Again I forgot to take photos along the way so the various layers underlying the near-final application are only visible through reduction by scraping and the use of a damp, rough rag. The figure is a piece of paper drawn after a photograph and represents the key character in the poem.

In the final pieces, which are now only remotely parallels of each other, I’ve added text relating to time:

  • Speed of light 299 792 458 m / s
  • Speed of lightning (670,000,000 mph) an actual lightning strike travels at a comparatively gentle 270,000 mph.
  • Speed of sound 343 m / s
  • Speed of thought average individual neuron sends signals at around 180 kilometers per hour
  • Speed of dark (matter) 54 meters per second, or 177 feet 
  • Speed of electrons electron is traveling at about 2,200 kilometers per second. 
  • Speed of fire up to 6 miles-per-hour in forests
  • Speed of solar system rotating around centre of milky way the solar system travels at an average speed of 515,000 mph (828,000 km/h).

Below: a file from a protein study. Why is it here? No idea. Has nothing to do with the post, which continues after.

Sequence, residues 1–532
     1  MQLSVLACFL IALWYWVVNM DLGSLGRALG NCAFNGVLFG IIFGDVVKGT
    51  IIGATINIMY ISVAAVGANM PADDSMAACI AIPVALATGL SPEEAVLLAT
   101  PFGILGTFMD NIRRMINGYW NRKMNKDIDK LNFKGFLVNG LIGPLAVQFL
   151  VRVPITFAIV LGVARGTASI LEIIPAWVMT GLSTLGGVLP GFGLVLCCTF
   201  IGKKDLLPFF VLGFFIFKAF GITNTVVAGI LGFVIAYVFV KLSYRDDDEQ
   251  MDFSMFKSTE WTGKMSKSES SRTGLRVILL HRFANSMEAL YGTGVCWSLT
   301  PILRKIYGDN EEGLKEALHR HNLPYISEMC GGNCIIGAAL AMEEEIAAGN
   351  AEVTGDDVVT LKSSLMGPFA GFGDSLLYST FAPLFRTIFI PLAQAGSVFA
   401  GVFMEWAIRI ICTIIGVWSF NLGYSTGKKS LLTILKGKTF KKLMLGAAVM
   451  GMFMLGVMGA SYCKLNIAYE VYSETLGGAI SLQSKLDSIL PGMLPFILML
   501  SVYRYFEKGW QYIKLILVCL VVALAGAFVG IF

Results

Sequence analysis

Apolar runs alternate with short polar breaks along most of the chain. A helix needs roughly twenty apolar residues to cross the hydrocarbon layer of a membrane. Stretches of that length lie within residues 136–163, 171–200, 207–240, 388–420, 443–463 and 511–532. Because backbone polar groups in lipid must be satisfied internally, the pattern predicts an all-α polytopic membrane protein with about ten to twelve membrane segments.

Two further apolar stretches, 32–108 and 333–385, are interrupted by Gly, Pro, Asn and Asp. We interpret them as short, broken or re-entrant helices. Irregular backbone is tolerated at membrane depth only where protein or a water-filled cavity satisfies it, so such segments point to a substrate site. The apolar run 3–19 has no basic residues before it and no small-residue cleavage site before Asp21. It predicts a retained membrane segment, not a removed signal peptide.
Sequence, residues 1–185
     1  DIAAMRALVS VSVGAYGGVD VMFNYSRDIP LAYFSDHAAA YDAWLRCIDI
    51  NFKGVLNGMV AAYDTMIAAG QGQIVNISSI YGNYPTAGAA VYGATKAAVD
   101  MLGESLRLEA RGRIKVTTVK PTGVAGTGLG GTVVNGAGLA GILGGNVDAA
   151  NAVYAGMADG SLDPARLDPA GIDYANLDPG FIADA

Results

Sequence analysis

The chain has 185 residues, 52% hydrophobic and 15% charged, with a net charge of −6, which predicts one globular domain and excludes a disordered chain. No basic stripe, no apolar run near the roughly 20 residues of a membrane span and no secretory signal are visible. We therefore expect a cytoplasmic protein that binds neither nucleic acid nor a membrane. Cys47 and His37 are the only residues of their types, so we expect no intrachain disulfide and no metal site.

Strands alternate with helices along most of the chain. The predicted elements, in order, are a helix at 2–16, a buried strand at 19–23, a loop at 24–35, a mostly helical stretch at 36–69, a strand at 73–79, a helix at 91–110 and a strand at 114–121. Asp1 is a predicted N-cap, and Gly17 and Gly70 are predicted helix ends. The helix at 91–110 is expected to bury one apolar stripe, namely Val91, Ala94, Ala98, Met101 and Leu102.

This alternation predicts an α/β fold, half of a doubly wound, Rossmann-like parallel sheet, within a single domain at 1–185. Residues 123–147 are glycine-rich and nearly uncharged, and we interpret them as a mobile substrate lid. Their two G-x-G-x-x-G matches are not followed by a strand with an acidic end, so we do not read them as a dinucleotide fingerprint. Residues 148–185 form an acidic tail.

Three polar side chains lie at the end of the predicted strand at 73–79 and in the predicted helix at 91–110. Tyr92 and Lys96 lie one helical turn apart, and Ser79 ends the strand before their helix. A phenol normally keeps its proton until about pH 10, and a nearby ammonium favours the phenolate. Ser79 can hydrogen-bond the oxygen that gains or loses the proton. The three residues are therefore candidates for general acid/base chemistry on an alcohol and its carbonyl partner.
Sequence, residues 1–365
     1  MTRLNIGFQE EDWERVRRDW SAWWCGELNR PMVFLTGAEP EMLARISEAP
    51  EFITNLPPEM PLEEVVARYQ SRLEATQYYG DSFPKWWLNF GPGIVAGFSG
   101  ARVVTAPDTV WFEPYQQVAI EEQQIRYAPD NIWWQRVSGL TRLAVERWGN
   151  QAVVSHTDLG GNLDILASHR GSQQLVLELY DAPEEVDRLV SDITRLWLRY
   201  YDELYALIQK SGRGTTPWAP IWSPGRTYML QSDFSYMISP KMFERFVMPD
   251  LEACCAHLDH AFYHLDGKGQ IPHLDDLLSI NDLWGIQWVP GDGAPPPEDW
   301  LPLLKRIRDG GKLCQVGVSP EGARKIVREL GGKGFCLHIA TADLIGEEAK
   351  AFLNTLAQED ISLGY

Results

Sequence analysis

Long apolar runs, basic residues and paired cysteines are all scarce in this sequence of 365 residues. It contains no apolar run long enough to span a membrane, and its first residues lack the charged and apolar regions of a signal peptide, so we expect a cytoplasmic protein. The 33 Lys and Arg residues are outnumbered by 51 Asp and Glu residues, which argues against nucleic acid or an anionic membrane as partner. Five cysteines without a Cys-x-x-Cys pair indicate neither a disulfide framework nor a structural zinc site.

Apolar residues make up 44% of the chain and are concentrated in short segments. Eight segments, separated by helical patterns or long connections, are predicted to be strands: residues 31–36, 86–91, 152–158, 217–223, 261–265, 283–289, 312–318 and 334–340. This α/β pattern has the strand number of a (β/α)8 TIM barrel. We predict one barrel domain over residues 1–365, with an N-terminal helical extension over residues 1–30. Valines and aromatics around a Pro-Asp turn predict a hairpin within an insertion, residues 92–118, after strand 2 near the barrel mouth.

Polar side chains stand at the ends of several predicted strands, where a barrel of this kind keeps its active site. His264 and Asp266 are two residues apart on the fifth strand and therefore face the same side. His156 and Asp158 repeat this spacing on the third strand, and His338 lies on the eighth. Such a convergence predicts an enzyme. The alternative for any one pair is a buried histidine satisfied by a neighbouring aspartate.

• Speed of earth’s rotation roughly 1,000 miles per hour
  • Speed of moon leaving earth 3.78cm (1.48in) per year
  • Speed of a snail Garden snail: 0.048 km/h

Elements of the poem; such as circles, a forest, the evening sky, and lightning are contained within the imagery.

These crops might be more suitable to the publication but the editor has the ultimate say. Or I do as regards this iteration – if it survives the night and I still like it tomorrow, it can go!

It didn’t even survive the hour. The centre seemed too dark and flat for its purpose so I scraped on some T white.

8th September and I was less happy with the pink in the one on the right. Not so the recipients who seem to be very happy with it. Luckily, they don’t need the original and so I have adjusted it using burnt sienna. It’s still a little Disney for my liking but I could only change that by making another. Which I might do.

The editor asked me today for the title of my piece and as I’d been going by the title of the poem, I didn’t have one. Then I remembered putting all those numbers into it so I remade the video with those as captions and retitled my painting(s) The Speed of Things.

20th November. Although I revised the painting for my Studio Practice submission, the originals were still under wraps until today when the book was published.

The Speed of Things (2021). Accompanying Star Roots by Tom Sheehan. In A Christmas Canzonette. Eds Marie Fitzpatrick, Oonah Joslin, and Bill West. The Linnet’s Wings. Pp TBC.